This comprehensive guide is for anyone looking to purchase the signed limited edition of Stephen King’s “Six Stories” and who also wants to learn more about the book.
This rare signed paperback is a short story collection published by Stephen King’s own Philtrum Press in 1997 and bound by The Stinehour Press in Vermont. As a book that is now over ten years old and one of the very few paperback signed King items, it is quite fragile and special attention must be paid to its condition. It is a valuable book and you want to make sure it’s in the best condition possible, as any minor damage will cause it be worth less than a copy in new condition.
In addition, as with any other expensive collectible, it is best to deal with a respected and reputable seller who will accurately represent the product and provide exceptional customer service along the way.
About Philtrum Press
Philtrum Press is a small publishing house run by Stephen King. Primarily the work of Stephen King’s personal assistant, Marsha DeFillipo (also The Official Stephen King Website Message Board Moderator), conducting small press operations from his front business offices in Bangor, Maine.
The Philtrum Press has published the following:
* 1982 The Plant part 1
* 1983 The Plant part 2
* 1984 The Eyes of the Dragon 1000 copies, Signed/Limited
* 1985 The Plant part 3
* 1987 “The Ideal Genuine Man” (written by Don Robertson)
* 1997 Six Stories 1100 copies, Signed/Limited
* 1999 “The New Lieutenant’s Rap” 500 copies (approx.), Signed/Limited
Six Stories was produced in several states, some being more rare than others. All states have been flat-signed by Stephen King. The arabic numbered edition was the only version issued and sold for $80 as a signed limited paperback edition. This book was sold as a “first come first serve” basis directly from Philtrum Press
1,100 copies were produced as follows:
- 900 copies – arabic numeral (numbered copies)
- 200 copies – Roman numeral, originally reserved by the author.
- 10 copies – PC , or “Publisher Copies”, marked “PC” with a felt-tip pen
- 28 Proof copies, marked with a pencil.
Design and composition: Michael Alpert
Current Prices – For current pricing and trends, we recommend visiting the Stephen King collector, as they update the values every month to reflect market conditions.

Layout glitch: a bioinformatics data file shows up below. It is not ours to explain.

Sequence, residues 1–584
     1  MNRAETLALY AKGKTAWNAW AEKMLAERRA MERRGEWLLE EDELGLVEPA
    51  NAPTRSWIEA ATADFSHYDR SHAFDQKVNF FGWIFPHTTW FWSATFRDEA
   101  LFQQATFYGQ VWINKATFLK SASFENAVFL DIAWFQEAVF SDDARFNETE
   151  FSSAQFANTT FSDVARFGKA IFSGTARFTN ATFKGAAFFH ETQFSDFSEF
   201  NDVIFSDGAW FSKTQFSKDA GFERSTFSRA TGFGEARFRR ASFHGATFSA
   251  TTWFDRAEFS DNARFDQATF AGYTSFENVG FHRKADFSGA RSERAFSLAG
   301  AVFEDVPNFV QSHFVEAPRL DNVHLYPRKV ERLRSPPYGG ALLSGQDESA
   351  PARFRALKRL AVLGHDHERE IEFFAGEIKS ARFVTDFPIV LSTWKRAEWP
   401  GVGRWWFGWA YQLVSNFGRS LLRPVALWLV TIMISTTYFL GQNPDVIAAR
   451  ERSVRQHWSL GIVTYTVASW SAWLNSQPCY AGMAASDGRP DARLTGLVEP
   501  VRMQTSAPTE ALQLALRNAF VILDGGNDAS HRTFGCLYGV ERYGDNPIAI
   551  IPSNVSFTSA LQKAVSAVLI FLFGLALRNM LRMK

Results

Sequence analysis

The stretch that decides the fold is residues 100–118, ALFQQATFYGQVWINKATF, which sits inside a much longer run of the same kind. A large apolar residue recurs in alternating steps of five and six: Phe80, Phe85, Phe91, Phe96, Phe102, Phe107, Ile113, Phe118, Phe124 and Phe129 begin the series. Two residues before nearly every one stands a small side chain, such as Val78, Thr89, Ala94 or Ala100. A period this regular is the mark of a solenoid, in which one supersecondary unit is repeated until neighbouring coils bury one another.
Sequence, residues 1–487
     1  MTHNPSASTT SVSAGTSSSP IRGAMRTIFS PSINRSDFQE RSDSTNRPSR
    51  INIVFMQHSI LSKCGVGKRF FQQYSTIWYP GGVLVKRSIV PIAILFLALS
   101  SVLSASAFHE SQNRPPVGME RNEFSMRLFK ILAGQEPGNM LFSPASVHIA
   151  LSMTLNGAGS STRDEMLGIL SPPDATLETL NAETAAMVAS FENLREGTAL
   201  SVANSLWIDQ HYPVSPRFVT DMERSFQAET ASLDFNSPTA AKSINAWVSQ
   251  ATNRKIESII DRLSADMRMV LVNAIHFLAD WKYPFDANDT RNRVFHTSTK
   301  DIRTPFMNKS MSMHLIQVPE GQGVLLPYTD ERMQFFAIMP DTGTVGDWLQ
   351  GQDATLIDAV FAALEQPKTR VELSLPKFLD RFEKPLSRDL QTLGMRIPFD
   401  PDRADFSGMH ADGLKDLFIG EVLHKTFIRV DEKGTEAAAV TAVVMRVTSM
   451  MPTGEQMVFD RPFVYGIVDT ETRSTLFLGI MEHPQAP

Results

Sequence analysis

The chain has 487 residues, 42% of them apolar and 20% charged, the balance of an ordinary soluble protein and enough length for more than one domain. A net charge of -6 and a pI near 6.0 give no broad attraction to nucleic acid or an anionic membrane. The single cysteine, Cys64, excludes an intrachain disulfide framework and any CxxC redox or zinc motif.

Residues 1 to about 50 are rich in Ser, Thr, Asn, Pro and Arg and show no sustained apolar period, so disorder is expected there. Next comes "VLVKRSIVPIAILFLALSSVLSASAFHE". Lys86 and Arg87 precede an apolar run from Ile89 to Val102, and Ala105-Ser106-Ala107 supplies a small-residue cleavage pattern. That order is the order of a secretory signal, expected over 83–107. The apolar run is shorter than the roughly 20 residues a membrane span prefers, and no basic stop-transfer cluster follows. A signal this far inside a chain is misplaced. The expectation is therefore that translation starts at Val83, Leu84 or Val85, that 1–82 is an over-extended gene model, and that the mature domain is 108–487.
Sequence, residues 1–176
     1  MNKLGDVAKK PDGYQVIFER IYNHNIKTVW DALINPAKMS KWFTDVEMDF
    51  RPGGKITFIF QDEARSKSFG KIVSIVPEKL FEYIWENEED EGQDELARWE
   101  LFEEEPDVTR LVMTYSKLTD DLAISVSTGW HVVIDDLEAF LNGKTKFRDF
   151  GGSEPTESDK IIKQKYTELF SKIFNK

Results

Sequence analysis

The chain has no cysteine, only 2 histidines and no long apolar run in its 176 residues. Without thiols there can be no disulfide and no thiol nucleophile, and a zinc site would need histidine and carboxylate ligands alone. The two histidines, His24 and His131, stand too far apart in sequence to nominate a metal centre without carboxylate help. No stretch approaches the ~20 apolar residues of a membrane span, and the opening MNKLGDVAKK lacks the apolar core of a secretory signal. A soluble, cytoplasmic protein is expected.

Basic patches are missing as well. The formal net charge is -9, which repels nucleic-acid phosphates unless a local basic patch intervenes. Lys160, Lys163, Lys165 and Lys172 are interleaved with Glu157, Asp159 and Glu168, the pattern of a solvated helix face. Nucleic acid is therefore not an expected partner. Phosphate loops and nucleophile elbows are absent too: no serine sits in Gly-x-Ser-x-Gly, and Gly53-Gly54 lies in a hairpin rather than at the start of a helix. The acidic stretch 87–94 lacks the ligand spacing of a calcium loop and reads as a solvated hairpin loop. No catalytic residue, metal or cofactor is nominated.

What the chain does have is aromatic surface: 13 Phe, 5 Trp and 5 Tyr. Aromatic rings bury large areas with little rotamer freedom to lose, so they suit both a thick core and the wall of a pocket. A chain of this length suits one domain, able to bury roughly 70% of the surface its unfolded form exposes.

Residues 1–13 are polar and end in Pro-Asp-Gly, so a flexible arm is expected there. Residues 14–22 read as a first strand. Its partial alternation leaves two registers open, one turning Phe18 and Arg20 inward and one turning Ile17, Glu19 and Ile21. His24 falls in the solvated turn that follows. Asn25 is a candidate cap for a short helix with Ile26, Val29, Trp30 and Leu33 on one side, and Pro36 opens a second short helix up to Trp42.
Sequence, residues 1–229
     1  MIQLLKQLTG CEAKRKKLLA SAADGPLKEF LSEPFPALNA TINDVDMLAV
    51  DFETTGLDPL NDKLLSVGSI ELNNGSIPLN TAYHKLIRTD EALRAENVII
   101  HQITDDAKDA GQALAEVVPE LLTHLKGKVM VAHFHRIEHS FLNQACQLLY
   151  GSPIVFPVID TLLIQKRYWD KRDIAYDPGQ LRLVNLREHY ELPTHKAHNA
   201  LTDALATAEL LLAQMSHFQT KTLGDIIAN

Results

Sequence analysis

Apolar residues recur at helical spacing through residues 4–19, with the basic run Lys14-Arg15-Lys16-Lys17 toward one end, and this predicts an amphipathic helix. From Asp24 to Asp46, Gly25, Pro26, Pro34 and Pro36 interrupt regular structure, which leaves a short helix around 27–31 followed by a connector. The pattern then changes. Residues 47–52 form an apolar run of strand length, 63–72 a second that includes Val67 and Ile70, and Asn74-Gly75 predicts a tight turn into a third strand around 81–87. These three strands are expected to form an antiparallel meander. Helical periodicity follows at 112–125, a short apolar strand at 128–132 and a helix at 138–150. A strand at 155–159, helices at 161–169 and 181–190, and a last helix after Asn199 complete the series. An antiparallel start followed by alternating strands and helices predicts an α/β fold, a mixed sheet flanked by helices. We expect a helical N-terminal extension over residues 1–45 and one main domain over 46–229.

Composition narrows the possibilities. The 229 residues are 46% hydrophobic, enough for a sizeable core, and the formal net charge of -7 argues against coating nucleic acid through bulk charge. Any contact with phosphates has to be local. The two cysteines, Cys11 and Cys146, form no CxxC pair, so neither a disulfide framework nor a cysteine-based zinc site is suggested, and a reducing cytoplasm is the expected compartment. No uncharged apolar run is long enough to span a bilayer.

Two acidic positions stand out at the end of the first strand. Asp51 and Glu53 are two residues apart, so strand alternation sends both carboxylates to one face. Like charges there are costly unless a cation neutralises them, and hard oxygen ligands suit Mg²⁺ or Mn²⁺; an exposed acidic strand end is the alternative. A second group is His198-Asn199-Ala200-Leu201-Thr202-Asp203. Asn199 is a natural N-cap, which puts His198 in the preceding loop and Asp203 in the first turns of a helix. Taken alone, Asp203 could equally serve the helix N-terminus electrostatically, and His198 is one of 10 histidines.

Photos & Signature Pages
The Six Stories
The following six stories are printed in this book:
- Autopsy Room Four
- Blind Willie
- L.T.’s Theory of Pets
- Luckey Quarter
- Lunch At the Gotham Cafe
- The Man in the Black Suit
Autopsy Room Four
“Autopsy Room Four” is the first short story in the collection Everything’s Eventual: 14 Dark Tales by Stephen King. It was first published in the anthology Robert Bloch’s Psychos in 1997 and appeared in King’s anthology Six Stories the same year. It was adapted into a short film in 2003. It is also part of TNT’s Nightmares and Dreamscapes: From the Stories of Stephen King series in the summer of 2006.
The short story was adapted as an hour-long episode of the Turner Network Television mini-series Nightmares and Dreamscapes in 2006, along with “The Road Virus Heads North”. The music video of Incubus’s song, Anna Molly, has a similar plot line.
Blind Willie is about a Vietnam veteran’s penance after the war. The main character in this story is Willie Shearman, and the story takes place over a single day in December 1983. At first we see him commuting from Connecticut to New York City like any normal businessman; we then discover that he elaborately disguises himself as a blind beggar who takes hundreds of dollars a day in donations from passersby, keeping the bills for himself and distributing the coins to various churches and charities. We also learn that he was in combat with John Sullivan, and saved his life; and that Willie keeps a scrapbook about Carol Gerber, and has never forgotten the day that she was beaten up by Harry Doolin while he and Richie O’Meara held her down.
L.T.’s Theory of Pets
L. T.’s Theory of Pets is a short horror story first released in Stephen King’s anthology Six Stories. It was later released again in another anthology, Everything’s Eventual: 14 Dark Tales. The story however, doesn’t feature supernatural or monstrous elements. Stephen King said his story is inspired by people who receive pets as gifts, and how that may be viewed as arrogance in certain circles by assuming the receiver can look after the pet. King himself briefly discusses how he received a Pembroke Welsh Corgi as a present, and has enjoyed its company ever since.